More states are adopting zero emission vehicle mandates and expanding infrastructure to promote their use. Furthermore, the federal government has provided $5 billion towards supporting EV infrastructure development – evidence that suggests the EV industry is growing at an incredible pace and poised to take over transportation in coming decades.


Early adopters are responding positively to the many advantages of electric vehicles (EVs), including cost savings, superior performance and reduced carbon footprint. But to reach more Americans and make them accessible to them all – that means expanding charging stations, increasing government incentives for buying an EV and making ownership more affordable – is necessary for success.

Attaining these goals requires the cooperation of many companies and organizations, including First Student’s move to convert all 30,000 fossil fuel-powered school buses to all-electric models. Cirba Solutions is making a commitment to recycle used batteries and manufacturing scrap from Gigafactories into enough battery materials for equipping 1 Million Electric Vehicles (EVs). Waymo, an autonomous vehicle technology company, will soon deploy all-electric Jaguar I-PACE cars across its ride-hailing service territories this spring. Meanwhile, Sierra Club, an environmental grassroots organization with millions of members and supporters worldwide, has empowered its network to leverage new federal investments in EVs and infrastructure via campaign resources.

Demand for electric vehicles (EVs) has increased significantly due to climate change goals, pollution avoidance by internal combustion engines and their affordability. Recent policy actions, including regulations that will end sales of conventional cars by 2035 as well as tax credits for buying an EV, have contributed further to this rapid rise.

Most electric vehicle (EV) owners charge their vehicles at home, but in order to encourage widespread adoption we need hundreds of thousands of public charging stations across the nation. This will create greater incentive for drivers to switch and provide equitable access for people without access to private chargers in their home environment.

As battery technology improves and prices of key inputs like lithium decline, so too are EV charger prices, with average prices falling to under $500 on average for an EV charger today.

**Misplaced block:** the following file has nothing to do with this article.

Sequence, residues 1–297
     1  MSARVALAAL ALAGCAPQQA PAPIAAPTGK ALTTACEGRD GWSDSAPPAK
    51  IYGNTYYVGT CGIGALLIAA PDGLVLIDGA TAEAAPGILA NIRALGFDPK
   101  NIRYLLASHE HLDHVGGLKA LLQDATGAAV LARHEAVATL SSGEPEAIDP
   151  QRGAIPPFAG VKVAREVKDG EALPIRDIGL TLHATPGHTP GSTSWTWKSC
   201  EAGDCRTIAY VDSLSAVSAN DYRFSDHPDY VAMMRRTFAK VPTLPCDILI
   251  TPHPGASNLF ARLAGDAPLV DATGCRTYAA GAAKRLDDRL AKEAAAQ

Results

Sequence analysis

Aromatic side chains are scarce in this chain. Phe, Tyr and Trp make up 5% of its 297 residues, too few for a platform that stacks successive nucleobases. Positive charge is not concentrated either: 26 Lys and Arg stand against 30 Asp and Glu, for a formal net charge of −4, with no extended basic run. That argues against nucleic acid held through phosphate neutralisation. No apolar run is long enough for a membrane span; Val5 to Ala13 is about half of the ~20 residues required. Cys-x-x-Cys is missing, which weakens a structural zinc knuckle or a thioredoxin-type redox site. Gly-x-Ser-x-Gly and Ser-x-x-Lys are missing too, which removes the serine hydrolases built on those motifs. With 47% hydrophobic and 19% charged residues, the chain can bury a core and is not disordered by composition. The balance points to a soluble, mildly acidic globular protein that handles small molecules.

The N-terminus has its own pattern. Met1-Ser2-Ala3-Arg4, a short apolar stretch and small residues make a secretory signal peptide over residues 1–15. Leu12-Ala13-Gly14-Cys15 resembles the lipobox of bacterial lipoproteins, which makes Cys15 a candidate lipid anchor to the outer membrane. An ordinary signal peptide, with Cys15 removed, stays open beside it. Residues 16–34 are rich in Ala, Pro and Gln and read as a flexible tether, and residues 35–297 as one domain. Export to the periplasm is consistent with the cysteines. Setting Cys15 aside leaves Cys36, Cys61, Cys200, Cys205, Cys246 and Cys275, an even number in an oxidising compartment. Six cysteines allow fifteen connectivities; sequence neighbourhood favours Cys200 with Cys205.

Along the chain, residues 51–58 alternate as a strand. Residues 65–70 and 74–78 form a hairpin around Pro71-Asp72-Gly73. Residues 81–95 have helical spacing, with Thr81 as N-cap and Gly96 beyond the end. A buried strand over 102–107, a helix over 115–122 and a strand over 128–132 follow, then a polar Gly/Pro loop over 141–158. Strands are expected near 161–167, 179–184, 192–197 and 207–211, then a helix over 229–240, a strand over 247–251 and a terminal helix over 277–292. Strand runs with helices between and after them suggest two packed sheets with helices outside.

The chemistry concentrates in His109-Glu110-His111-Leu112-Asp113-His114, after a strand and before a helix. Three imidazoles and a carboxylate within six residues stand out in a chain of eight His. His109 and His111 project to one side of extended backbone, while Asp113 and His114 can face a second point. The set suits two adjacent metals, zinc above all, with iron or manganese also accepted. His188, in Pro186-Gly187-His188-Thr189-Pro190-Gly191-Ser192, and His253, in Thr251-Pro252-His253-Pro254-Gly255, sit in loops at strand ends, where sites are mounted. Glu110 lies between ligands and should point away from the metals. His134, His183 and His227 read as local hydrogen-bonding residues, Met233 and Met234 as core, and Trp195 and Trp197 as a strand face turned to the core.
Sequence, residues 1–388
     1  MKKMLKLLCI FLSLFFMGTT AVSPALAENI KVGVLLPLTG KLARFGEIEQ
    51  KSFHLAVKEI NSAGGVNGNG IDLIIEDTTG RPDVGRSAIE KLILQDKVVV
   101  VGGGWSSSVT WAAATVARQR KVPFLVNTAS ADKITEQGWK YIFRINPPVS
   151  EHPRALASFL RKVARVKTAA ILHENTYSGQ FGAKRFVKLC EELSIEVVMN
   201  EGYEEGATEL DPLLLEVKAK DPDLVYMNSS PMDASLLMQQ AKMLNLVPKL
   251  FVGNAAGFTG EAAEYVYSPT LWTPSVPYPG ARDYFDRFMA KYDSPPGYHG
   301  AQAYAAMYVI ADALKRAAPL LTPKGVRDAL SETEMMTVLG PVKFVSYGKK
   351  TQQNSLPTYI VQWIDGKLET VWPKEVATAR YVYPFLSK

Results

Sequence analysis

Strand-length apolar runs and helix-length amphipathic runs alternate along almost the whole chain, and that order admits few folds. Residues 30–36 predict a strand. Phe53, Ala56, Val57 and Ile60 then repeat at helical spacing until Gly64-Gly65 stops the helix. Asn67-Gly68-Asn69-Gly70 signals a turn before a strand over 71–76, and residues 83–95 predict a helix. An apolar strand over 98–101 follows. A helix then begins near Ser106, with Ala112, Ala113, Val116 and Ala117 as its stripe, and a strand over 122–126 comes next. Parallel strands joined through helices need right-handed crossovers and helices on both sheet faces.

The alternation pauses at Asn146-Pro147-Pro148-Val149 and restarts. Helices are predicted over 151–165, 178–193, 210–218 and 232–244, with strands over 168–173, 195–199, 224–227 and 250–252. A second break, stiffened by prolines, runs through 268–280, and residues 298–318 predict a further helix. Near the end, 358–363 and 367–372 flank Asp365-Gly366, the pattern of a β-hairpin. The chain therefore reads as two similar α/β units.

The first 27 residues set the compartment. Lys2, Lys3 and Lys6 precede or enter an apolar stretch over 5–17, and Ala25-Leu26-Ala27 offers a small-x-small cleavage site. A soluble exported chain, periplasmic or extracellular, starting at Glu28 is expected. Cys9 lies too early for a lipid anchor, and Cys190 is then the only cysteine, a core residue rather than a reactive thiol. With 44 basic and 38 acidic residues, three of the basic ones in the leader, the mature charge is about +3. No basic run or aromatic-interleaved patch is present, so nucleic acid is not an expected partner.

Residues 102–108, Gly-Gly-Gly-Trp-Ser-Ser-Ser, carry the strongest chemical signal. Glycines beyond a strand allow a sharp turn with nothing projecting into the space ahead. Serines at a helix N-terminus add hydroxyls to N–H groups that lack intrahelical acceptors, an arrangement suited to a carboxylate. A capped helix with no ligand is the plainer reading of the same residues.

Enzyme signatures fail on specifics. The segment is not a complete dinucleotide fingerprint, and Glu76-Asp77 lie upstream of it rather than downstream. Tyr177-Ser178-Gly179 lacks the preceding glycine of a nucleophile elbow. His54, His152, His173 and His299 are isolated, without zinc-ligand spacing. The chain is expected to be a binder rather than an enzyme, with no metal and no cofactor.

Installing electric vehicle (EV) charging stations at workplaces has become an increasingly common trend. Some employers install these stations as part of sustainability initiatives or employee engagement strategies; others do it to provide convenience for EV-driving employees.


One of the main attractions of electric vehicles (EVs) for consumers is their lower maintenance costs; after all, EVs typically feature fewer mechanical parts than gasoline-powered models. But according to recent studies, these savings may not be as significant.

CCC Intelligent Solutions recently conducted an analysis on repairs performed on small non-luxury EVs and mid-size luxury SUVs to compare costs with similar ICE models. Claims data was reviewed for factors including repair versus replacement, OEM part utilization and cycle time repair cost comparisons; share of losses in repair cost dollar bands was also examined across both subsets; it was discovered that EVs had higher total repair costs compared with their ICE counterparts when repairs involved more extensive operations such as scans or calibrations.

This was due primarily to EVs using more OEM parts and having more sophisticated diagnostic equipment, as well as their subsets having higher repair costs above $2,000. This may have been partially caused by their battery packs being more costly to fix.

Even with its challenges, the electric vehicle market remains steady. While most states lag California in EV sales, and overall growth rates don’t meet 2035 targets set forth by many governments around the globe.

Good news is that electric vehicles (EVs) are becoming increasingly popular, and are expected to double by 2023. Already they represent over 10% of global light-duty vehicle sales.

Psychological and economic barriers exist that impede EV adoption; some may not even be immediately obvious to consumers. A recent UK study discovered that some drivers hesitate to purchase an EV due to feeling like it would be driving an “odd car”.

Other barriers include high prices and limited charging infrastructure. But perhaps the greatest impediment to widespread adoption of electric vehicles lies within people themselves; most won’t commit until it becomes part of their lifestyles and expected.